Every IT organization generally suspects that there is probably something amiss with the custom software they develop, but figuring out exactly what that might be is often problematic. And not because the right tools to accomplish that task are lacking; it's just that the cost of acquiring those tools, developing the expertise to master them and paying for the associated IT infrastructure often proves daunting.
Of course, many IT organizations have taken to moving application testing into the cloud to help reduce IT infrastructure costs. But a lot of companies are wary of moving the intellectual property often associated with custom application development projects into the cloud.
Given those concerns, it's interesting to see CAST Software today roll out CAST Highlight, a software-as-a-service (SaaS) offering that remotely analyzes the quality of an application without requiring the IT organization to upload code to a cloud computing platform.
According to Jitendra Subramanyam, director of strategy and research for CAST Software, there are major structural issues in most large-scale applications, which results in post-deployment adjustments to applications that can wind up costing companies millions of dollars. This so-called "technical debt" has become a major issue as IT organizations look to rein in application development costs by focusing more on quality assurance issues, which include potential security vulnerabilities that should be addressed before the application is deployed.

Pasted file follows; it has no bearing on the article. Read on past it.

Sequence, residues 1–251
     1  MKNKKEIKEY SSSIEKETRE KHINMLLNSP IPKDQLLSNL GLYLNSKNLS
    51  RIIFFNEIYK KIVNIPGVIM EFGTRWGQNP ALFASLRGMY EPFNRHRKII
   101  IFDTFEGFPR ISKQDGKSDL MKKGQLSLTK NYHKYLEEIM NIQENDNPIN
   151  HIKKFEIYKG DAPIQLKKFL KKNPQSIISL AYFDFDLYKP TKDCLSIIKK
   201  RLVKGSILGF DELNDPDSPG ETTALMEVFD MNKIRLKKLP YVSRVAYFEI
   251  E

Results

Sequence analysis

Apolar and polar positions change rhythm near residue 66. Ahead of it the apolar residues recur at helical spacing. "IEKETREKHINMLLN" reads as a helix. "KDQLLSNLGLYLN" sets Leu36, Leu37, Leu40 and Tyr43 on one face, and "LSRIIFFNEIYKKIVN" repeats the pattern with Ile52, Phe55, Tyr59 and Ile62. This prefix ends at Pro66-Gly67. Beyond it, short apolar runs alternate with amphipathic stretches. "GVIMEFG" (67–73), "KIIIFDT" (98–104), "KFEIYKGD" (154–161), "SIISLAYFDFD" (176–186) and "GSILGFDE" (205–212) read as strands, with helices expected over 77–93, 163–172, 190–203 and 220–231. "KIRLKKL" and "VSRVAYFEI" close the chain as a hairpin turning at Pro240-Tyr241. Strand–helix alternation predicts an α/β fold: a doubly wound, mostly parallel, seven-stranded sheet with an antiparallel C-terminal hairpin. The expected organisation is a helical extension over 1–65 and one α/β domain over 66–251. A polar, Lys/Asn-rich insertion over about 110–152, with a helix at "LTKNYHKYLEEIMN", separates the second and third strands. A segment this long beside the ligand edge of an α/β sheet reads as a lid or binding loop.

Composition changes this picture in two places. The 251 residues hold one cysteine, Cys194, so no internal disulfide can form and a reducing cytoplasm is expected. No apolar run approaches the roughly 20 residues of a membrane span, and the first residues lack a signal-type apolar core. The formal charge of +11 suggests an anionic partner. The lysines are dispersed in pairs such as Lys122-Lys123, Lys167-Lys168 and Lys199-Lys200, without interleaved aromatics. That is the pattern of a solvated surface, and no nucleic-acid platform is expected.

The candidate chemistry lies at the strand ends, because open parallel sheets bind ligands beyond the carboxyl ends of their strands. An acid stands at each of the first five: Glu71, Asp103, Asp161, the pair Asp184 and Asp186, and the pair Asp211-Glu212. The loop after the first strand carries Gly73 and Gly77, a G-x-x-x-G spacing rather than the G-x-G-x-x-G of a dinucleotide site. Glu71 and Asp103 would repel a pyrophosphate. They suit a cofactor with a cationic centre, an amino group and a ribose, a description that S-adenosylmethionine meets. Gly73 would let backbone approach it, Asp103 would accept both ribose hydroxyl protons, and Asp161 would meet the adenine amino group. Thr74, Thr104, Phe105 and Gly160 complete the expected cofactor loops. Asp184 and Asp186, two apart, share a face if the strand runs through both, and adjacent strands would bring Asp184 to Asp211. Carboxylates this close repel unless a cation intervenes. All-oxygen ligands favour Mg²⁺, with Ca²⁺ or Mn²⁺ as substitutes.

CAST Highlight doesn't do everything that CAST's flagship Application Intelligence Platform is capable of, but Subramanyam notes that by using CAST Highlight to identify problematic areas first, the time it takes to identify and remediate potential software quality issues is sharply reduced.
As businesses everywhere become more dependent on software, it's obvious that almost any issue with the quality of that software can bring about a major disruption to the business. What's changing, thanks to the advent of automated software testing, is that IT organizations are rapidly running out of excuses for deploying software that later on is discovered to be deeply flawed.